+ Site Statistics
+ Search Articles
+ PDF Full Text Service
How our service works
Request PDF Full Text
+ Follow Us
Follow on Facebook
Follow on Twitter
Follow on LinkedIn
+ Subscribe to Site Feeds
Most Shared
PDF Full Text
+ Translate
+ Recently Requested

Notes on the responses of host-seeking nymphs and adults of the ticks Ixodes scapularis and Amblyomma americanum (Acari: Ixodidae) to canine, avian, and deer-produced substances



Notes on the responses of host-seeking nymphs and adults of the ticks Ixodes scapularis and Amblyomma americanum (Acari: Ixodidae) to canine, avian, and deer-produced substances



Proceedings of the Entomological Society of Washington 104(1): 73-78



In laboratory and behavioral bioassays, host-seeking nymphs and adults of the blacklegged tick, Ixodes scapularis Say, were exposed to substances rubbed from the coats of dogs, from chicken feathers and from the interdigital glands of white-tailed deer, Odocoileus virginianus (Zimmermann). Nymphs of the lone star tick. Amblyomma americanum (L.) were exposed to substances from chicken feathers. Nymphs of I. scapularis became akinetic on surfaces rubbed with substances from chicken feathers, but A. americanum nymphs did not. Overall, nymphs of I. scapularis appeared to avoid substances rubbed from the coats of dogs. Although hair samples were obtained from 14 dogs maintained under the same conditions, substances from the hair of one dog elicited arrestant responses among nymphs and substances from the hair of another dog appeared to completely repel I. scapularis nymphs. Adult I. scapularis of both sexes showed high levels of arrestment when exposed to substances from the same canine hair samples. No arrestment was observed when I. scapularis nymphs were exposed to interdigital gland substances of white-tailed deer does.

Please choose payment method:






(PDF emailed within 1 workday: $29.90)

Accession: 003863984

Download citation: RISBibTeXText


Related references

Different activities and footwear influence exposure to host-seeking nymphs of Ixodes scapularis and Amblyomma americanum (Acari: Ixodidae). Journal of Medical Entomology 38(4): 596-600, 2001

A survey for nymphs of host-seeking Ixodes scapularis and Amblyomma americanum (Acari: Ixodidae) on tree trunks in deciduous forests. Journal of Medical Entomology 39(1): 237-240, 2002

Suppression of host-seeking Ixodes scapularis and Amblyomma americanum (Acari: Ixodidae) nymphs after dual applications of plant-derived acaricides in New Jersey. Journal of Economic Entomology 104(2): 659-664, 2011

Efficacy of granular deltamethrin against Ixodes scapularis and Amblyomma americanum (Acari: Ixodidae) nymphs. Journal of Medical Entomology 38(2): 344-346, 2001

Meteorologically mediated diurnal questing of Ixodes scapularis and Amblyomma americanum (Acari: Ixodidae) nymphs. Journal of Medical Entomology 40(4): 395-402, 2003

Effects of granular carbaryl application on sympatric populations of Ixodes scapularis and Amblyomma americanum (Acari: Ixodidae) nymphs. Journal of Medical Entomology 37(1): 121-125, 2000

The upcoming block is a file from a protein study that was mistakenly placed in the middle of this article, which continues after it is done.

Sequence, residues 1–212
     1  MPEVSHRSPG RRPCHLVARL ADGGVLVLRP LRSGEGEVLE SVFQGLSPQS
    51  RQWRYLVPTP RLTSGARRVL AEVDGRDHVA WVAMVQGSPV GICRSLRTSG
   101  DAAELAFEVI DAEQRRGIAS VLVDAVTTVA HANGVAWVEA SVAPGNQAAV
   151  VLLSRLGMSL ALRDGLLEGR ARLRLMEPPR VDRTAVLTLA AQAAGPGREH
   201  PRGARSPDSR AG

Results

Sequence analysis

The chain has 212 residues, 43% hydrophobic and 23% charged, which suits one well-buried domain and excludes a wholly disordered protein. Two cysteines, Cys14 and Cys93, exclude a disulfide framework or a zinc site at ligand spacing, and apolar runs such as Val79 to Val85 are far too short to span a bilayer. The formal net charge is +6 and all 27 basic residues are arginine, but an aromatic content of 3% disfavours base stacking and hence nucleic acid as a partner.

Effects of microscale habitat physiognomy on the focal distribution of Ixodes scapularis and Amblyomma americanum (Acari: Ixodidae) nymphs. Environmental Entomology 31(6): 1085-1090, 2002

Activity of repellents applied to skin for protection against Amblyomma americanum and Ixodes scapularis ticks (Acari: Ixodidae). Journal of the American Mosquito Control Association 11(1): 136-140, 1995

Elemol and amyris oil repel the ticks Ixodes scapularis and Amblyomma americanum (Acari: Ixodidae) in laboratory bioassays. Experimental and Applied Acarology 51(4): 383-392, 2010

Nymphal survival and habitat distribution of Ixodes scapularis and Amblyomma americanum ticks (Acari: Ixodidae) on Fire Island, New York, USA. Experimental and Applied Acarology 20(9): 533-544, 1996

Comparative activity of deet and AI3-37220 repellents against the ticks Ixodes scapularis and Amblyomma americanum (Acari: Ixodidae) in laboratory bioassays. Journal of Medical Entomology 41(2): 249-254, 2004

Contact Irritancy and Toxicity of Permethrin-Treated Clothing for Ixodes scapularis, Amblyomma americanum, and Dermacentor variabilis Ticks (Acari: Ixodidae). Journal of Medical Entomology 55(5): 1217-1224, 2018

Geographic occurrence of Ixodes scapularis and Amblyomma americanum (Acari: Ixodidae) infesting white-tailed deer in North Carolina. Journal of Wildlife Diseases 26(4): 550-553, 1990

Activity of the plant-based repellent, TT-4302 against the ticks Amblyomma americanum, Dermacentor variabilis, Ixodes scapularis and Rhipicephalus sanguineus (Acari: Ixodidae). Experimental and Applied Acarology 62(1): 105-113, 2014

Relative encounter frequencies and prevalence of selected Borrelia, Ehrlichia, and Anaplasma infections in Amblyomma americanum and Ixodes scapularis (Acari: Ixodidae) ticks from central New Jersey. Journal of Medical Entomology 42(3): 450-456, 2005